, Corbin, KY


June 13, 2014

Daniel Boone descendants dedicate Boone Trace

BARBOURVILLE — A family reunion took over the city streets of Barbourville Thursday afternoon when more than 100 descendants of Daniel Boone arrived in two charter buses as part of their trip to the dedication ceremony of the Boone Trace.

According to the society’s website, The Boone Trace is a tourism corridor from The Cumberland Gap to Fort Boonesborough — 120 miles. It follows the pathway that Daniel Boone made in 1775 to bring the first settlers in the wilderness that was to become part of Kentucky.

According to the website, the route consists of three runs. One is the original Trace as located by The University of Kentucky with the research of Neal Hammon, author from Shelbyville. Hammon used the land surveys from the late 1700s that used the Boone Trace as a reference point.

The next routes are the series of secondary roads that allow access to the historical site on the trace. The last route is U.S. 25E and Highway 25 which run parallel to the original trace. This is also referred as the Boone Trace bypass.

The first phase of this project will be dedicated today and Saturday at the Cumberland Gap National Historic Park.

On Thursday, a pair of tents were set up at Barbourville Tourism, Director Denise Wainscott said, and volunteers were on hand “to make it more authentic” by dressing in period clothing and bringing period pieces to “work” with.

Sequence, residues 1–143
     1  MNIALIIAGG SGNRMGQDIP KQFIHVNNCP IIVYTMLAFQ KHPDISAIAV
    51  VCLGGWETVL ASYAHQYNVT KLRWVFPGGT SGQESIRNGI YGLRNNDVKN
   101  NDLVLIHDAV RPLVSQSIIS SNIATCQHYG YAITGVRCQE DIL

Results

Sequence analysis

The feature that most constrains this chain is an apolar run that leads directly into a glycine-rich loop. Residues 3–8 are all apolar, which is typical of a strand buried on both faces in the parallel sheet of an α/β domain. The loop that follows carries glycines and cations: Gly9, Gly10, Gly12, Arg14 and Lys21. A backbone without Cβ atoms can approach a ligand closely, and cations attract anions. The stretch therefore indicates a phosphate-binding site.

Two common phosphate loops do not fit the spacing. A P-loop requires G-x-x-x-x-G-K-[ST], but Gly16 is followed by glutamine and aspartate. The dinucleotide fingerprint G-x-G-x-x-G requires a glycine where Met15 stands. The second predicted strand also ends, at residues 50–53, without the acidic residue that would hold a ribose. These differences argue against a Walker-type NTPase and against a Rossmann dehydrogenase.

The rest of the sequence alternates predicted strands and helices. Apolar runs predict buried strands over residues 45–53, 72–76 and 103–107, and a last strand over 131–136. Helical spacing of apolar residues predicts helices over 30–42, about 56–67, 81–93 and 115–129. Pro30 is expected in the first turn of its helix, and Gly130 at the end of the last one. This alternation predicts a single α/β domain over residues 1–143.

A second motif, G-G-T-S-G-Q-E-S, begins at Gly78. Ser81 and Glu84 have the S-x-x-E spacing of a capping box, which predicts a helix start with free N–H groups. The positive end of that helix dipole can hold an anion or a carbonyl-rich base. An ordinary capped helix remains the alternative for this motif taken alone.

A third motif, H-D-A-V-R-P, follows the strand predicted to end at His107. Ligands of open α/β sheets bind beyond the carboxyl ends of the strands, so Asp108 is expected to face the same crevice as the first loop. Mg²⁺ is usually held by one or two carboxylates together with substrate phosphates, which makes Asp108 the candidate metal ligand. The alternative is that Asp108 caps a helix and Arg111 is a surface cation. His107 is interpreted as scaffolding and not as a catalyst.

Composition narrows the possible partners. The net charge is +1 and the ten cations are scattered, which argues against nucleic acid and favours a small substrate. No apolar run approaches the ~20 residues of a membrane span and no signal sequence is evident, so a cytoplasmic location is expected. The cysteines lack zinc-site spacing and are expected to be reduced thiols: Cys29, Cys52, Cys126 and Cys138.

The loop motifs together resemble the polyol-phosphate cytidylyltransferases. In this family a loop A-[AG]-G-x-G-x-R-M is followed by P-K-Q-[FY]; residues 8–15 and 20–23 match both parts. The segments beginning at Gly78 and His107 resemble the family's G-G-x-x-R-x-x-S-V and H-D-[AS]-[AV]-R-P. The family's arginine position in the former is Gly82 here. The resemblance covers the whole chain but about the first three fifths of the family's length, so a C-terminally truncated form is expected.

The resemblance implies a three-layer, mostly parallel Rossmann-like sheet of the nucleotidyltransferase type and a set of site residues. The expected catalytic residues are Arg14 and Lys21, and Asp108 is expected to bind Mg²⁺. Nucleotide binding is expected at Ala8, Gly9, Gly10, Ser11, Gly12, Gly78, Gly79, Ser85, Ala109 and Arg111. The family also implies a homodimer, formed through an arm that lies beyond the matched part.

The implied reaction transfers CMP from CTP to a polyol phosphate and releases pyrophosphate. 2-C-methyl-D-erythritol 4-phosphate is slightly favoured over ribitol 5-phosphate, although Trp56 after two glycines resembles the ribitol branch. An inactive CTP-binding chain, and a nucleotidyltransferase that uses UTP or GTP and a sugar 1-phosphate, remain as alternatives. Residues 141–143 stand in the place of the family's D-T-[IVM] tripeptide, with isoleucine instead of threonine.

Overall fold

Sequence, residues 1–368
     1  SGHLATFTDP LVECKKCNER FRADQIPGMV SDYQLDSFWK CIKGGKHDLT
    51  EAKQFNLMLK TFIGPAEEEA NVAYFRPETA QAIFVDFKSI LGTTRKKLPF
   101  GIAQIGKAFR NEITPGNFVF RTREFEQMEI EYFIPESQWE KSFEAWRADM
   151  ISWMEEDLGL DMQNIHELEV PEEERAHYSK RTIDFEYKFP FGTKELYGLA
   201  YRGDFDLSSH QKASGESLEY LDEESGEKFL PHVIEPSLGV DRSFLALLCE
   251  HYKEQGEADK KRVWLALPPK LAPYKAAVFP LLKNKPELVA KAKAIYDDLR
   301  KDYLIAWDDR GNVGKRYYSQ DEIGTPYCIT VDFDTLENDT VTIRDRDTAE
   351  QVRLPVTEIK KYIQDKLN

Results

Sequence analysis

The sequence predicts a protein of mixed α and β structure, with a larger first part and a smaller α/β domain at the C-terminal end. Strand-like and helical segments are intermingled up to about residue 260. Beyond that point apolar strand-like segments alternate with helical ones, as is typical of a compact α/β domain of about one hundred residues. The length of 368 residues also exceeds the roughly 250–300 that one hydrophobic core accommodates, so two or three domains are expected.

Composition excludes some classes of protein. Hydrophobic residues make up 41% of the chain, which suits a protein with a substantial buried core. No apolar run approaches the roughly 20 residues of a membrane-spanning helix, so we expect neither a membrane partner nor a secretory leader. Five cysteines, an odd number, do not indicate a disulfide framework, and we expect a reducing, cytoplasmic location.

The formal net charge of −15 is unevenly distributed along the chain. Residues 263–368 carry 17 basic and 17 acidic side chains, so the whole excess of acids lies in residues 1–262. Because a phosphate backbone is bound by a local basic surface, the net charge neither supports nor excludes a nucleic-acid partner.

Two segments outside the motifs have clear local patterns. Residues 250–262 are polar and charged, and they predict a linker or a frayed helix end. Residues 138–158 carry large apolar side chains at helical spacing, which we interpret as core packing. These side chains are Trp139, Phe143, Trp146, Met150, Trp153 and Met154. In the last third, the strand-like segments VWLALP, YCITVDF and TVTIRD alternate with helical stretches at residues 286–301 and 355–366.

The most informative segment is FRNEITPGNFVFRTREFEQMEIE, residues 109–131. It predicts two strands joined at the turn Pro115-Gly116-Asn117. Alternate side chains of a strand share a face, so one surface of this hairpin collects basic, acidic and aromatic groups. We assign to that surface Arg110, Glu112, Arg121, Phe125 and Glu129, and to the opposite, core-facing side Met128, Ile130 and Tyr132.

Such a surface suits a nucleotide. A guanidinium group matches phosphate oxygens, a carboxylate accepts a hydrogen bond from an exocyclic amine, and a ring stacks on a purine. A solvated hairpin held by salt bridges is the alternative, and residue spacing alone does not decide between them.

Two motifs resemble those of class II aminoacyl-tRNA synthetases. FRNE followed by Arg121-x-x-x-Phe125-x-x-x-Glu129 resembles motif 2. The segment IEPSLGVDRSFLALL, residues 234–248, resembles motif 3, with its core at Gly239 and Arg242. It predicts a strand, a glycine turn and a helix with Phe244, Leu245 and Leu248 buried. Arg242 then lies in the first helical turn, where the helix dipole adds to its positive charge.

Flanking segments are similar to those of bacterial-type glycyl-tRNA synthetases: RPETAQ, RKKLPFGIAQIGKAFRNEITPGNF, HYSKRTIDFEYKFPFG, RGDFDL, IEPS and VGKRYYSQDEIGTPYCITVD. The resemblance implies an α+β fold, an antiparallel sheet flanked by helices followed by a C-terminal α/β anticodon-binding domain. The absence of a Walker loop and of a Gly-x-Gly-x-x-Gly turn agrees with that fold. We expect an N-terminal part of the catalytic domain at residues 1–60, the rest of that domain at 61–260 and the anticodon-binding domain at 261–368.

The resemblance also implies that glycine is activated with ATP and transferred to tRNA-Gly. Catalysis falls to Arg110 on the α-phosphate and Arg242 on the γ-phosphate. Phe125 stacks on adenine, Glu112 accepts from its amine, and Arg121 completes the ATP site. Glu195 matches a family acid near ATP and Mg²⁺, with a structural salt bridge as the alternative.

Once Daniel Boone’s descendants arrived, members of The Daniel Boone Festival committee and several other welcomed the group, many in period clothes.

Thelma’s Place restaurant catered the lunch for the group, which included descendants from all age groups and backgrounds. The group was able to see cross-stitch, spinning wheels for wool and other fibers, and listen to the music of The Porch Pickers, who played dulcimers during the event.

Several of the tour group then walked toward Court Square so they could see and photograph the statue of Boone on the square. Several of the folks touring were filled with praise that the statue did not include Boone wearing a ‘coon skin cap, as was made popular by the Fess Parker television series.

The tour group didn’t stay long in the city, as they were heading for today’s festivities.

The Boone Society took on the project of identifying, restoring and preserving the trail Boone blazed in 1775, which was then used by hundreds and thousands of settlers moving to the west.

According to the society’s website, “This project belongs to the Boone families, the citizens of Kentucky and the people of this great nation. It can only be accomplished by the aid of the state agencies, the county and city governments, the business and chambers of Commerce along the route.

“If everyone shows an interest and gives support in some way, we can succeed in this endeavor. Hands of many make it an obtainable goal. The Boone Trace has been overlooked and left behind to be lost forever, except for the few historians and family tales,” states the website. “That would be a loss for the state and the future generations, (who) need to know who they are and the struggles to build an environment that we enjoy today.”

The website also states that “Without this, we become a confused society as to who we are and one without pride. Through the centuries, the experiences of ancestors struggles gives appreciation and pride to build character in the following generations. We have a chance to build on the rich history of the state and leave behind a legacy for all to appreciate. In addition to that, as we educate persons to the importance of this historical movement, we also create tourism along the route from the Cumberland Gap on to Boonesborough on the northern terminus — it will become a living classroom (from which) generations will benefit.”

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